Bulgarians, Greeks flock to Turkey's Edirne for shopping
İdris Emen - EDİRNE
In the face of strong interest from neighboring countries, the city’s businesspeople have put price lists in Bulgarian and Greek on their shop windows. Even Bulgarian online shopping websites have been launched and little “dictionaries” have been prepared to help potential Bulgarian and Greek customers.
Bulgarians and Greeks are traveling to Edirne just because they find goods sold there are “cheaper” compared to products sold in their hometowns thanks to favorable currency rates.
They generally buy fruits, vegetables and clothes at the open-air market while they purchase souvenirs from the shops at the Arasta Bazaar. From the stores along Saraçlar Street, they buy cosmetic products.
Most of those shops in Edirne have at least one employee who speaks Bulgarian or Greek.
“We sell products normally sold for 100 Turkish Liras for 70-80 liras in this shop. That is why they come all the way down here for shopping,” said Güllühan Ali, who is a Bulgarian citizen of Turkish origin. She works at a shop that sells cleaning products.
Fuat Tekin, who runs a cosmetics products shop on Saraçlar Street, one of the busiest streets in Edirne, says there have been lot of visitors from Bulgaria and Greece.
“Our prices are much lower than the prices of products sold at duty free shops. Bulgarians come here on weekends while Greeks travel to Edirne for shopping on weekdays. Some of our customers stop by two times a month,” Tekin said.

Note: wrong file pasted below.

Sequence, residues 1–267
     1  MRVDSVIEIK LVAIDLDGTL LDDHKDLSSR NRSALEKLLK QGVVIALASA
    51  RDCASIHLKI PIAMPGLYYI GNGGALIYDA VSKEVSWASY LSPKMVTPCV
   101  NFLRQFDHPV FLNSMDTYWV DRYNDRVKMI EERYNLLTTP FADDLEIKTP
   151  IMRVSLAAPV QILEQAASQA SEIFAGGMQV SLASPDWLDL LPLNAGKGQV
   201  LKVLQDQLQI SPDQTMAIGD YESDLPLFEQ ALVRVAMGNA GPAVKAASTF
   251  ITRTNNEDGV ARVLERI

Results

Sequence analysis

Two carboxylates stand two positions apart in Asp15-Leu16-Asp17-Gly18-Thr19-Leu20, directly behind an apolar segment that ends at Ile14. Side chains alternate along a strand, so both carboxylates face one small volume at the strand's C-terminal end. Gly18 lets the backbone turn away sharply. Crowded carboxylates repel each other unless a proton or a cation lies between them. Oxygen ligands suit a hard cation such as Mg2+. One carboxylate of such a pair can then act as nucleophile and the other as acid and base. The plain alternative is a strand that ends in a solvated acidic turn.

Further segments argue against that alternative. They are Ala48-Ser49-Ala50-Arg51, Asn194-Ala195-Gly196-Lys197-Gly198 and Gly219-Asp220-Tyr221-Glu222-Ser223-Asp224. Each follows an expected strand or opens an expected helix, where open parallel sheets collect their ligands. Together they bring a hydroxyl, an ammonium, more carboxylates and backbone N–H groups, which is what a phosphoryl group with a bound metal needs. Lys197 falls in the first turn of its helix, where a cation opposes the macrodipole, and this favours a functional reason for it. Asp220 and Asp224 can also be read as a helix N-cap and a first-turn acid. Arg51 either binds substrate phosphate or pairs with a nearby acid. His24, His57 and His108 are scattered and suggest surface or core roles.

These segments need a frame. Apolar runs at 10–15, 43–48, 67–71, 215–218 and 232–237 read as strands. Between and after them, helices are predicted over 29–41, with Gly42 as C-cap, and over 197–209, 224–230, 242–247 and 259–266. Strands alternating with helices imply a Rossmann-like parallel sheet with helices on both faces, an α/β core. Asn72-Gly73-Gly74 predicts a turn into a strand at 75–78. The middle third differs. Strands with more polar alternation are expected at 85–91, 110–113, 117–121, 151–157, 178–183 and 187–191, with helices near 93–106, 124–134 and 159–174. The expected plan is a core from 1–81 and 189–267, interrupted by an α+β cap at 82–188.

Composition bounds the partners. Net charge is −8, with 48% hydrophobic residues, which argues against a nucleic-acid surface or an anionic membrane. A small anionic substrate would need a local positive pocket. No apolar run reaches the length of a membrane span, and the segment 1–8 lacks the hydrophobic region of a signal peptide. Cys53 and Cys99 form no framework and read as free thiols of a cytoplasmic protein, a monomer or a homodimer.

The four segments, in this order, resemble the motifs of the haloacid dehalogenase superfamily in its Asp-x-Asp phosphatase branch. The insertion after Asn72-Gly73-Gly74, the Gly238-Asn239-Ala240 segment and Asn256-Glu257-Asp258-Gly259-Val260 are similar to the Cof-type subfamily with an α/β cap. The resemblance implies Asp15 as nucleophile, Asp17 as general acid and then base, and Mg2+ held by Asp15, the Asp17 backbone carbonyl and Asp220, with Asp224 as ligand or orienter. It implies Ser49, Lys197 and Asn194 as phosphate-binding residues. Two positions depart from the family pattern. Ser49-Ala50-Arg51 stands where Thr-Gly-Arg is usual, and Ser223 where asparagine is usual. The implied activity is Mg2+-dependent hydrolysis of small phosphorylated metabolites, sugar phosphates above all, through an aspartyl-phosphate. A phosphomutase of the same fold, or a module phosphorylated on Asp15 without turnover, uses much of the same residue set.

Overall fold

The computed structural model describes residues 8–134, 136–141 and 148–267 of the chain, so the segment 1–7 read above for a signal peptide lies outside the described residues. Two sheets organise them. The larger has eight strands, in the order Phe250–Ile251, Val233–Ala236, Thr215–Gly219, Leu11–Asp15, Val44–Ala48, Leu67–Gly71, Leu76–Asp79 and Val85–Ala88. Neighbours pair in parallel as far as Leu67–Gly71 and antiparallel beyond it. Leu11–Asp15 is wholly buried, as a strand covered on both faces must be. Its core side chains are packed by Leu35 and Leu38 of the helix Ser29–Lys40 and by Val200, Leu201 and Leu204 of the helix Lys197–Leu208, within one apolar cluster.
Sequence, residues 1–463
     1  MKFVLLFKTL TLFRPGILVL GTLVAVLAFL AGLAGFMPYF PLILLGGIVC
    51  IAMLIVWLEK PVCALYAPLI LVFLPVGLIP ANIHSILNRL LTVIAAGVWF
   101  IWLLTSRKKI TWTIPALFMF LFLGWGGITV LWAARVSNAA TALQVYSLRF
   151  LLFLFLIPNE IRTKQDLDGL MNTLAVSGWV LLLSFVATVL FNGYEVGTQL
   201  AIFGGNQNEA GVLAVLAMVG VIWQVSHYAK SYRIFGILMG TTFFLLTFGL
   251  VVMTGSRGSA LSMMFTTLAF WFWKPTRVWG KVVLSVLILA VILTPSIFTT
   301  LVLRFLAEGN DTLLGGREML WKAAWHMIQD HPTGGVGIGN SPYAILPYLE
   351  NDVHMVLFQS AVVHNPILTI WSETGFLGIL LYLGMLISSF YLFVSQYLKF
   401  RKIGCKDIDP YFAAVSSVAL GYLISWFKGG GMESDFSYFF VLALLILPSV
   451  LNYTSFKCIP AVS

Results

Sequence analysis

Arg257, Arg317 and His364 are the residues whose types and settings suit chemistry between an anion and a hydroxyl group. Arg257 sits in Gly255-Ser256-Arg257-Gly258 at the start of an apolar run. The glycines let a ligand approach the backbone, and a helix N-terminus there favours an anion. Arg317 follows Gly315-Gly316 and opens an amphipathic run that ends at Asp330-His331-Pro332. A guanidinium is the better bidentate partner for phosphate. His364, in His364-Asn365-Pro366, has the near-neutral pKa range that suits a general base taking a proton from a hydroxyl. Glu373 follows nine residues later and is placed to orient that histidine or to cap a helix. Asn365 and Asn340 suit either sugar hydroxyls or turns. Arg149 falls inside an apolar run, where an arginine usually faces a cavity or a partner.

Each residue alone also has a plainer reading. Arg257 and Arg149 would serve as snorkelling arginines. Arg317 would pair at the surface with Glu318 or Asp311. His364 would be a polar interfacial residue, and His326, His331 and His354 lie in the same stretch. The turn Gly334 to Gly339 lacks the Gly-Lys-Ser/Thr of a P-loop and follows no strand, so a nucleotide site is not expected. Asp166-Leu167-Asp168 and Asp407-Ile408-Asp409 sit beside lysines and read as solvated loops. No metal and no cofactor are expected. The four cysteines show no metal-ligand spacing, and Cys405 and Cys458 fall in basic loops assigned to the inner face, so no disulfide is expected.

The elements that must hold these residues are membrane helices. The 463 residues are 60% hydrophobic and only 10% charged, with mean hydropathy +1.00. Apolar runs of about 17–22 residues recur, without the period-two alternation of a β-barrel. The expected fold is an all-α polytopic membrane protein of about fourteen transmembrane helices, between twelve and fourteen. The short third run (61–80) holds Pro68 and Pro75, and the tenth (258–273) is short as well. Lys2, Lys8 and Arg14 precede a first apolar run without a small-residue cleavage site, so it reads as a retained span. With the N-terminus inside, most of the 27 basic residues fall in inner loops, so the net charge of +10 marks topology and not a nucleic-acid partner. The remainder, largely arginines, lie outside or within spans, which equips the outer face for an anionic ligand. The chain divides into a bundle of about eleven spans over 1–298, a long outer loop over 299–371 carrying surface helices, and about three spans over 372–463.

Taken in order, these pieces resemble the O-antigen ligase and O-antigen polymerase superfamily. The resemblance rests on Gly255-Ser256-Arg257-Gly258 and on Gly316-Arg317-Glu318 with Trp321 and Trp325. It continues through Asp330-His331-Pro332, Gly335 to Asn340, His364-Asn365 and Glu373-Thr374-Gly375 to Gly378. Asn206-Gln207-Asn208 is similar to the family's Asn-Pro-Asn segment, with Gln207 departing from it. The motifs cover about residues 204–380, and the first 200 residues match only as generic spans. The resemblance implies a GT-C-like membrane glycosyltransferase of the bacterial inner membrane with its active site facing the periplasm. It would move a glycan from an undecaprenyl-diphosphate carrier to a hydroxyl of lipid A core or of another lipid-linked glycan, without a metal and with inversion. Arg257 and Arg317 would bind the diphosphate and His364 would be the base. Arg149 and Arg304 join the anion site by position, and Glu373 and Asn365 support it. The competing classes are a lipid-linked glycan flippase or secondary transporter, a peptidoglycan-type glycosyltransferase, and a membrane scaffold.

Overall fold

“I came to Edirne with a couple of friends. First, we took a tour in the city and now we are doing some shopping. Everthing is cheaper here compared to Greece,” said Maria Papadopulo, who traveled from the Greek province of Thessaloniki.
Overcoming language barrier
Inevitably, locals and foreign visitors have communication problems due to language barriers. In order to ease such problems, the business cooperatives have distributed Bulgarian dictionaries to shop owners.
“We have had a small ‘shopping’ dictionary with 250 Bulgarian words inside prepared to help local businesses. Shop owners learn those words by heart and better communicate with their customers. Soon we will distribute a similar Greek dictionary,” said Bülent Reisoğlu, the head of the Ulus Bazaar Tradesmen Cooperative.
“When a customer asks for the price of a product, I open the dictionary to find the related word in Bulgarian. We communicate better this way,” said Bayram Ihlamur, a local tradesman.
In order to lure more visitors to Edirne, they are promoting the city through public campaigns run in Greek and Bulgarian ads, according to Recep Gürkan, the mayor of Edirne.
“A Bulgarian visitor on average spends some 100 levs [$58] on shopping here while a Greek shopper spends on average between 50 to 80 euros. Local business owners and Bulgarian and Greek visitors have friendly relations. If a customer does not have enough money on them, the shop owner says ‘you can pay next time,’” said Gürkan.
He also noted some local businesses have launched Bulgarian websites, which allow potential customers to check the prices online. The businesses also promote their stores with Bulgarian and Greek posts on social media.